As the Lebanese Parliament’s meeting has been postponed to next week upon the protesters’ call for a general strike, speculations about the outcomes of that session increase. Will Caretaker PM Saad Al-Hariri be the Prime Minister of the upcoming government? Following the rumors saying that several major political parties are in conflict regarding its nature, is there even going to be a new government anytime soon?
According to a source familiar with Al-Hariri’s views, the caretaker Prime Minister is determined to have the next cabinet free of any political parties for fear that such a government would not receive Western support.
Such a government is exactly what revolutionaries have been calling for since the early days of the October 17 revolution in Lebanon: A technocratic government in which elected officials appoint experts and professionals to administer individual government functions and recommend legislation, devoid of any of the former political leaders and parties.
But recently, a new term is being thrown around a lot; Techno-Political government.
This idea was proposed as a middle-ground solution, and it translates into a technocratic government with a twist: The appointed experts and professionals would have to be chosen from within the same traditional parties that currently rule Lebanon, and led by a politician, which is allegedly going to be PM Saad Al-Hariri.
And obviously, that could pose a serious problem, because such a “solution” to the current crisis would mean that the helm would be back in the hands of the same old rulers, only hiding behind the mask of technicalities and non-political candidates.
This form of government appears to be the most promising agreement that the parties have arrived at so far; promising for them at least.
If such an agreement is indeed finalized, it would only mean another embarrassing failure of the Lebanese government to conform with the demands and needs of its people, who have been protesting in the streets since October 17th.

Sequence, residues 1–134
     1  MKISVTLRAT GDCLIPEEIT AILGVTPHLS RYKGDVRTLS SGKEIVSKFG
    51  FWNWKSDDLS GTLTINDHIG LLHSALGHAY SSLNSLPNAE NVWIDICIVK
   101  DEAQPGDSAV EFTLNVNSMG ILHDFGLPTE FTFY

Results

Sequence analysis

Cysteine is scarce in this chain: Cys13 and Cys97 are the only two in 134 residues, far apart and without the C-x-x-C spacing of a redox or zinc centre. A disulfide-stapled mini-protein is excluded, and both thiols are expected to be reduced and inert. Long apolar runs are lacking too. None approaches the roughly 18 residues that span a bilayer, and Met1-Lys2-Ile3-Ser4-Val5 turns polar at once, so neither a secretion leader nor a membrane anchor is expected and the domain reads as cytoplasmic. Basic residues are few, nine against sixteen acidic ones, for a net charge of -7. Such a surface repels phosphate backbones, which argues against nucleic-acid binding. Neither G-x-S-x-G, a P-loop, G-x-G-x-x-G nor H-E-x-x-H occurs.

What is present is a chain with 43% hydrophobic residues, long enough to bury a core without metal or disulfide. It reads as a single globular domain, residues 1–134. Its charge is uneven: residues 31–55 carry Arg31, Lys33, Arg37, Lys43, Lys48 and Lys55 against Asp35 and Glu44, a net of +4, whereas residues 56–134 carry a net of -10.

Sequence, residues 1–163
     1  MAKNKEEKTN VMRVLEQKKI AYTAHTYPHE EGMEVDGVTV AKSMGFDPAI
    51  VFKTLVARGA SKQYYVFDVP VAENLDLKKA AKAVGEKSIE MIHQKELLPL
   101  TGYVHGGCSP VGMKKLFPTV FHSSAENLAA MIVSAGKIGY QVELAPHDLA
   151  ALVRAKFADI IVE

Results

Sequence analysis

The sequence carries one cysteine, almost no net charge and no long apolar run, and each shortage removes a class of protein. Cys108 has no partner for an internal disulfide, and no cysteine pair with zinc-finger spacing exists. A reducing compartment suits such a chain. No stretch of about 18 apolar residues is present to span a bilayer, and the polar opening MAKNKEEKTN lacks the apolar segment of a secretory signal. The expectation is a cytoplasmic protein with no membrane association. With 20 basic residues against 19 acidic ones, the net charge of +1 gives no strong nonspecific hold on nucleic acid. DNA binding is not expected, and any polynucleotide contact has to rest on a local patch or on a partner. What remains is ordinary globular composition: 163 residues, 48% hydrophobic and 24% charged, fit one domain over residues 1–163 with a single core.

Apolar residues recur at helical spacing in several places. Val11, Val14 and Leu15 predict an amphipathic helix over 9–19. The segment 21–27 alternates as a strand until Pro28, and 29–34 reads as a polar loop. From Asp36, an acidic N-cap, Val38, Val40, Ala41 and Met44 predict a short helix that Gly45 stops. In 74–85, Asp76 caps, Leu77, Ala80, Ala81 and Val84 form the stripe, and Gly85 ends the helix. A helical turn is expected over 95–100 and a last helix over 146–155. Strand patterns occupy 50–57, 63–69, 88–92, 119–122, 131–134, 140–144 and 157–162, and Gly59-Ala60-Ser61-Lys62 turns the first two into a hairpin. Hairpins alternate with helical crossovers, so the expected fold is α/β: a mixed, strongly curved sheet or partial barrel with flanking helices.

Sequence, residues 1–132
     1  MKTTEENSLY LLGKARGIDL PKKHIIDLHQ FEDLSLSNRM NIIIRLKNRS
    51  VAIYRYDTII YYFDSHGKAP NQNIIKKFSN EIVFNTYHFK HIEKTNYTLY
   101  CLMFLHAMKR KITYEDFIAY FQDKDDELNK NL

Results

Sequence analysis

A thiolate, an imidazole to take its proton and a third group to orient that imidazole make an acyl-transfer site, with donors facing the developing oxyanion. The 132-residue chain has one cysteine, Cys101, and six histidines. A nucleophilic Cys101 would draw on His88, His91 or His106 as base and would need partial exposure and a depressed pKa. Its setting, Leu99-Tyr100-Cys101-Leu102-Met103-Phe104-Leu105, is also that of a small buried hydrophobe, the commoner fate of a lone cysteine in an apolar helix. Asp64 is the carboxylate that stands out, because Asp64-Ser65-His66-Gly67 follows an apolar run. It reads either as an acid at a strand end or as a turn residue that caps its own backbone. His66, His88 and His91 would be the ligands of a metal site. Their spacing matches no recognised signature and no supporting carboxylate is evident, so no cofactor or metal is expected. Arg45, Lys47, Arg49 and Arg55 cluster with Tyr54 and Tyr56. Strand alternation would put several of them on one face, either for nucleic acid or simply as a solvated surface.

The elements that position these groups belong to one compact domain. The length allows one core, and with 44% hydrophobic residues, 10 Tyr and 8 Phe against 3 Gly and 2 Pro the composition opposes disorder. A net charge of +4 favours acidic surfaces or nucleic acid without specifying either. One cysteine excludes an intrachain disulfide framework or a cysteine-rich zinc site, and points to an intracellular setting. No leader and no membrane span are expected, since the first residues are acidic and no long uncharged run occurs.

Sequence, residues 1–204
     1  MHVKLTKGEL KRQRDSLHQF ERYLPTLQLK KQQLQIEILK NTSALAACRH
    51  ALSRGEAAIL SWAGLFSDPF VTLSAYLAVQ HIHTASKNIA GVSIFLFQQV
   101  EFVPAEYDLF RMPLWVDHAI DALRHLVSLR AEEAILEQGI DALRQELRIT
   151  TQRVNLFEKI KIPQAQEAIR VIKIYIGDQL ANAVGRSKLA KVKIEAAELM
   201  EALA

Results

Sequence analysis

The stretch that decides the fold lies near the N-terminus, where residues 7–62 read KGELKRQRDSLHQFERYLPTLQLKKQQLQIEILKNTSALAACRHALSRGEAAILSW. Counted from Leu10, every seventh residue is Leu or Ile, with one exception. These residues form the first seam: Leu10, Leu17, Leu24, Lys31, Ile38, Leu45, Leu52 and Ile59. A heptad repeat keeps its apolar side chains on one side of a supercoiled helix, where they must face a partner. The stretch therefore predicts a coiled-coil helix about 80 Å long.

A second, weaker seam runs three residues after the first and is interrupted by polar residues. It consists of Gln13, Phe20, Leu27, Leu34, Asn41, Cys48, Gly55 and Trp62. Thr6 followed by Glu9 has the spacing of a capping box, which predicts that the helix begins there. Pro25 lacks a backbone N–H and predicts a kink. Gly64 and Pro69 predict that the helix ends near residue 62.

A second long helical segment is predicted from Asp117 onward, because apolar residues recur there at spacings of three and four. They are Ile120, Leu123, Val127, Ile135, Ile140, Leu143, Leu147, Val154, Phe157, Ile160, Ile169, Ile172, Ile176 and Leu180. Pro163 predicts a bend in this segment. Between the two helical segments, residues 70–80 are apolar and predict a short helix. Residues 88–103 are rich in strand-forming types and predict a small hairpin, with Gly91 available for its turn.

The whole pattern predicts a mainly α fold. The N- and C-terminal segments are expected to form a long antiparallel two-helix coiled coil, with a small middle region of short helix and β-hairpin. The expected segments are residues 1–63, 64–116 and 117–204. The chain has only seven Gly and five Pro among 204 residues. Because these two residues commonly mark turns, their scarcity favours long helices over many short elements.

The fact that the government lacks experts and professionals performing political duties is not the root of the problem. The real root of the problem is the stubborn insistence of the ruling class to remain in power and have a say in everything that goes on in Lebanon when the majority of the Lebanese people want them gone.
With Hezbollah backing his position, the Speaker of the Parliament of Lebanon and leader of the political Amal movement Nabih Berri asserts that the current caretaker Prime Minister is his only candidate for any future government. The alleged Techno-Political government being schemed is supposed to have PM Saad Al-Hariri heading it.
According to an analysis performed and published by the Kuwaiti Al-Anbaa newspaper, the alleged plan also excludes Gebran Bassil, president of the Free Patriotic Movement political party (FPM), from the new government.
That in exchange for him being in charge of appointing the ministers that would represent his FPM in that government.
On the other hand, as some sources and analyses have claimed after his resignation, Al-Hariri has made it clear that he is not willing to head a government that still consists of the traditional Lebanese parties and politicians. If so, Lebanon may be left with the current caretaker government for a while.
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